Solutions to America’s energy crisis focus on increased investment in the electric grid, creating new utility rate approaches, and capturing natural gas to build data center power plants. Energy-intensive industries can address their energy demand challenge by maximizing energy efficiency, enhancing demand flexibility, getting more out of existing grid infrastructure, and negotiating for additional carbon-free energy and storage. However, often, engineering solutions are not enough to address the long-term demand for electricity for these facilities. Regulators and new power sources are seen as a short-term and long-term solution for America’s current energy crisis.

Investor-owned utilities are working with regulators to find new approaches to serve energy-intensive projects such as data centers. American Electric Power, a Columbus, Ohio-based investor-owned utility, is proposing to create a new rate category with data centers increasingly angling to come online in the Central Ohio region. The plan recently filed before the Public Utilities Commission of Ohio would place data center customers and cryptocurrency mining and mobile data center operations into a new category to insulant other customers from shouldering those costs. Those impacted by the proposal would include data centers with a load greater than 25 megawatts and cryptocurrency/mobile centers with loads greater than 1 megawatt. Those customers must agree to specific requirements – including a 10-year commitment by data centers to pay for 90% of the energy they anticipate needing – before the utility pursues infrastructure buildout to serve them. Data centers would have to meet that 90% obligation even if they utilize less energy than anticipated.

The Federal Energy Regulatory Commission (FERC), which oversees wholesale electricity markets, adopted new rules that are designed to make it easier for big regional transmission projects to get approval. FERC approved two rules, one that will require companies that produce and transmit electricity to weigh factors such as supply and demand over at least two decades and another that addresses permitting critical projects in areas that lack adequate transmission capacity.  The long-term plans will need to account for the impact of extreme weather tied to climate change along with the cost of projects. By expanding transmission capacity, regions hit by weather disasters will be more resilient because they can access power from other parts of the country.

Developing new, on-site energy production is likely the short-term solution for energy-intensive projects that cannot gain electricity in the near term from overloaded electric utilities. Natural gas combustion turbines are a likely new energy power source for data centers near a major natural gas line. Dedicated gas turbines can also combine with energy storage systems, allowing data centers to store excess energy during times of low demand, ready for use in periods where demand is higher. Generally, two types of gas engines, high-speed and medium-speed, are used in modern power engineering. High-speed technology, with speeds over 1000 rpm, is used in smaller-scale engines of up to 4 MW per unit, whereas medium-speed technology (typically 750 rpm for 50 Hz and 720 rpm for 60 Hz) is used for sizes above that. Combined cycle technology additionally increases electrical efficiency by more than 15% by using the waste heat from the gas turbine to produce steam in a heat recovery steam generator, which powers a steam turbine according to Siemens. This ingenious setup requires slightly more space but generates the highest amount of electricity from the fuel combusted in the process. Electrical efficiencies of up to 63% and more might be achieved again according to Siemens.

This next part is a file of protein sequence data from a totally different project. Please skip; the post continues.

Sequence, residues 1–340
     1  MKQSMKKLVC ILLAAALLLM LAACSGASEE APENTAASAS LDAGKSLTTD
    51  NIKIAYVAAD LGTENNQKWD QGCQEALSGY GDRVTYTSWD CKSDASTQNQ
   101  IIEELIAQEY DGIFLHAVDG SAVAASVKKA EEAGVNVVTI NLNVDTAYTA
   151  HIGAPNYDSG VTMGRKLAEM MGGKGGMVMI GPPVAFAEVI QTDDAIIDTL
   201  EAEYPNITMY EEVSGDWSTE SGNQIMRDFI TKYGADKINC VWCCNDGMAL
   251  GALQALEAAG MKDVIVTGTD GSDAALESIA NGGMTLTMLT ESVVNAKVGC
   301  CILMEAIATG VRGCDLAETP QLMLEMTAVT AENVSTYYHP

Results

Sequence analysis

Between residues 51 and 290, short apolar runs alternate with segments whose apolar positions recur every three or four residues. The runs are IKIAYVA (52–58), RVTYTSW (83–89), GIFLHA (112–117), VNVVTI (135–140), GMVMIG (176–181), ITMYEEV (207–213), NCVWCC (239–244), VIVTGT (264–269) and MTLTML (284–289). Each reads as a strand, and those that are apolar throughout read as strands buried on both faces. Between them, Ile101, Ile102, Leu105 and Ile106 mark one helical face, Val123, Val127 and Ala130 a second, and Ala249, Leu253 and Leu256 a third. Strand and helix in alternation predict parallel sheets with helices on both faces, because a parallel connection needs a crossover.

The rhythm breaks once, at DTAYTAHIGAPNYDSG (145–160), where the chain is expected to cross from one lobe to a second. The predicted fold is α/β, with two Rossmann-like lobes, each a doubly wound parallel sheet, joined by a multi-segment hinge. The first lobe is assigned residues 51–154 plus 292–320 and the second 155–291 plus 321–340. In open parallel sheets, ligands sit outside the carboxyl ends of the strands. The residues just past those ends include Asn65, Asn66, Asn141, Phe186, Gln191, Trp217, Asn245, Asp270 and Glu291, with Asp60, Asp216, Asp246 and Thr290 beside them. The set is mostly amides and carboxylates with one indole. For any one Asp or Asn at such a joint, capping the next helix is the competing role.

Building an on-site power plant for an energy-intensive project is an aggressive solution for meeting a project’s energy demand but is not a simple process. First, these sites must gain access to a large amount of natural gas which usually means a connection to large-scale natural gas pipelines. As the Ohio Gas Association map illustrates, states like Ohio with a boom in shale natural gas are fortunate to have substantial natural gas pipelines traveling across the state. To support building connections for a combined natural gas combustion facility at an energy-intensive site, communities and companies may want to utilize Ohio’s new Infrastructure Development Rider (IDR) through the PUCO that permits natural gas utilities to assess their customers a charge to cover the cost of developing natural gas infrastructure for job-producing sites as supported by JobsOhio and regional economic development leaders.

New regulations, technology and power sources will likely be the key to addressing America’s current energy crisis as regions and companies work to meet the increased demand for electricity in the next step of the Information Age.